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Sitting and Metabolism: Understanding the Impact and Health Implications

Sitting and Metabolism: Understanding the Impact and Health Implications

By Sam Knijff
- 5 minutes read

With the rise of technology, remote jobs, and sedentary lifestyles, more individuals are finding themselves spending significant portions of their day sitting. Whether it's in front of a computer, TV, or during a long commute, these extended periods of inactivity have garnered attention from the medical community due to their potential health implications. One area that has seen particular focus is the connection between prolonged sitting and metabolism.

What is Metabolism?

Before addressing the effects of sitting on metabolism, it's important to understand what metabolism is. Metabolism encompasses all the chemical reactions that take place in the body to keep it alive, functioning, and active. These reactions can be anabolic (building up) or catabolic (breaking down). At its core, metabolism is responsible for converting the food we eat into energy, building and repairing tissues, and eliminating waste products.

Prolonged Sitting and Metabolic Rate

  1. Reduced Caloric Expenditure: When seated for extended periods, the body's muscular activity is minimal. This limited muscular engagement results in a decrease in the number of calories burned compared to when we're active. Over time, this reduction in caloric expenditure can contribute to weight gain.

  2. Decreased Enzymatic Activity: Lipoprotein lipase (LPL) is an enzyme responsible for breaking down fat and using it as an energy source. Extended periods of sitting have been associated with decreased LPL activity, leading to reduced fat breakdown and subsequent accumulation.

  3. Insulin Resistance: Prolonged inactivity, such as sitting, can lead to the cells becoming less responsive to insulin, a hormone responsible for regulating blood sugar. Insulin resistance can increase the risk of type 2 diabetes and other metabolic disorders.

Health Implications

  1. Obesity: The decreased caloric expenditure and slowed fat metabolism due to extended sitting can lead to weight gain and obesity. Overweight and obesity are risk factors for numerous health complications, including cardiovascular diseases, diabetes, and certain cancers.

  2. Cardiovascular Diseases: Inactivity can lead to accumulation of fats in the arteries, which increases the risk of atherosclerosis, heart attacks, and strokes.

  3. Musculoskeletal Issues: Sitting for extended periods can strain the back and neck. Postural issues and musculoskeletal pain can arise, which, over time, can lead to chronic conditions.

  4. Mental Health Concerns: Extended sedentary behavior has also been linked with mental health challenges, including increased feelings of anxiety, depression, and reduced cognitive function.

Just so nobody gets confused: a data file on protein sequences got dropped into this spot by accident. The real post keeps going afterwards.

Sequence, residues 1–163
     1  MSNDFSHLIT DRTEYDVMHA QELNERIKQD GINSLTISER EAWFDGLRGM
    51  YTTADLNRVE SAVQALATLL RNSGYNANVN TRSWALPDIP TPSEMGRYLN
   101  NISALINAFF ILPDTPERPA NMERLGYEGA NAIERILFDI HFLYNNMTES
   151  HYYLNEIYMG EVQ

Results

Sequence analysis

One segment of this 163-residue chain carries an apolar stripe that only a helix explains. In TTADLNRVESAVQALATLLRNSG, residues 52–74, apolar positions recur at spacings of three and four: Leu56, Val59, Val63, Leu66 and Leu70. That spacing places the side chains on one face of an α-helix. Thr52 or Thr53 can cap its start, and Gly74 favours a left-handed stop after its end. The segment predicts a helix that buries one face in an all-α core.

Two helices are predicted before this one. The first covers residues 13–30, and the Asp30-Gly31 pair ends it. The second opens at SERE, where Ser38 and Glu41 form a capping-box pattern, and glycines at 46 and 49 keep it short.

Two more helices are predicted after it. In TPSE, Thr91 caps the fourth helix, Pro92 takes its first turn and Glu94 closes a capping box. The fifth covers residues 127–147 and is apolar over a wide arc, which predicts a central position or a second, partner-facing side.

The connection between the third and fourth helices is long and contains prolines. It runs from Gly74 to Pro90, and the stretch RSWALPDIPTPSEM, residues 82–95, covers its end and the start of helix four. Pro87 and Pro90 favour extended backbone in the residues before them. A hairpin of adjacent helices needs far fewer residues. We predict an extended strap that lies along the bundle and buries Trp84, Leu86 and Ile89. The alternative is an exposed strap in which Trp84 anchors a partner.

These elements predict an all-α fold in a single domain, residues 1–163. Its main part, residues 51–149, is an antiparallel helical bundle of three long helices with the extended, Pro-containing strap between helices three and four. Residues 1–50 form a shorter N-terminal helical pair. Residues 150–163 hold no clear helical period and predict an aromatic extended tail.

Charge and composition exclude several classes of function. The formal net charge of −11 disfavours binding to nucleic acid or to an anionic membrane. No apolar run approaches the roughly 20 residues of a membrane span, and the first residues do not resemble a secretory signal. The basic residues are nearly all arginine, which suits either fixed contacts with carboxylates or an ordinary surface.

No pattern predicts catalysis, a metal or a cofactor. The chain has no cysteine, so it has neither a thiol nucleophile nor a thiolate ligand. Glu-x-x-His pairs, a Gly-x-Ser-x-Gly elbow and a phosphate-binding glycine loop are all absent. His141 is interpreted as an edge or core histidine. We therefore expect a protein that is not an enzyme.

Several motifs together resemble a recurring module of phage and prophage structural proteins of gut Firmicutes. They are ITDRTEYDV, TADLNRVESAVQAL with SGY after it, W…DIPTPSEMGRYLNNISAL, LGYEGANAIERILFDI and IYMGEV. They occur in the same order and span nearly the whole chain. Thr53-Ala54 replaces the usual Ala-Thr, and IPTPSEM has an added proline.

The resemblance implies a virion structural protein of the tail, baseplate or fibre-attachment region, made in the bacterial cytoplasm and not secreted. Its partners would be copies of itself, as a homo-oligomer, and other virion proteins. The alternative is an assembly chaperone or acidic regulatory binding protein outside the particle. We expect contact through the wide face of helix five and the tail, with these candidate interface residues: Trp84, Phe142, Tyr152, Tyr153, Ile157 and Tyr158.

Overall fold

Mitigating the Risks

Understanding the effects of prolonged sitting on metabolism and the associated health implications can be alarming. However, there are several strategies one can employ to counteract these effects:

  1. Regular Breaks: Stand, stretch, or take a short walk every 30 minutes. This can reactivate the muscles and increase metabolic rate.

  2. Standing Desks: These allow for work while standing, reducing the time spent sitting and offering a change in posture.

  3. Physical Activity: Incorporate regular exercise into your routine. Even simple activities like walking can help in boosting metabolism and reducing the risks associated with prolonged sitting.

  4. Ergonomic Seating: Invest in chairs designed for posture support, which can reduce musculoskeletal strain.

In conclusion, while the convenience of modern lifestyles often means increased sitting, it's essential to be aware of the metabolic and health implications of such behavior. By taking proactive steps and incorporating regular movement into our days, we can counteract some of these effects and promote better overall health.


  1. Prolonged Sitting and Metabolic Rate

    • Tremblay, M. S., Aubert, S., Barnes, J. D., Saunders, T. J., Carson, V., Latimer-Cheung, A. E., ... & Chastin, S. F. (2017). Sedentary Behavior Research Network (SBRN)–Terminology Consensus Project process and outcome. International Journal of Behavioral Nutrition and Physical Activity, 14(1), 75.

    • Hamilton, M. T., Hamilton, D. G., & Zderic, T. W. (2007). Role of low energy expenditure and sitting in obesity, metabolic syndrome, type 2 diabetes, and cardiovascular disease. Diabetes, 56(11), 2655-2667.

  2. Decreased Enzymatic Activity

    • Bey, L., & Hamilton, M. T. (2003). Suppression of skeletal muscle lipoprotein lipase activity during physical inactivity: a molecular reason to maintain daily low-intensity activity. The Journal of Physiology, 551(2), 673-682.
  3. Insulin Resistance

    • Dunstan, D. W., Kingwell, B. A., Larsen, R., Healy, G. N., Cerin, E., Hamilton, M. T., ... & Owen, N. (2012). Breaking up prolonged sitting reduces postprandial glucose and insulin responses. Diabetes Care, 35(5), 976-983.
  4. Health Implications

    • Owen, N., Healy, G. N., Matthews, C. E., & Dunstan, D. W. (2010). Too much sitting: the population health science of sedentary behavior. Exercise and Sport Sciences Reviews, 38(3), 105-113.

    • Katzmarzyk, P. T., Church, T. S., Craig, C. L., & Bouchard, C. (2009). Sitting time and mortality from all causes, cardiovascular disease, and cancer. Medicine & Science in Sports & Exercise, 41(5), 998-1005.

  5. Mitigating the Risks

    • Thorp, A. A., Owen, N., Neuhaus, M., & Dunstan, D. W. (2011). Sedentary behaviors and subsequent health outcomes in adults: a systematic review of longitudinal studies, 1996-2011. American Journal of Preventive Medicine, 41(2), 207-215.

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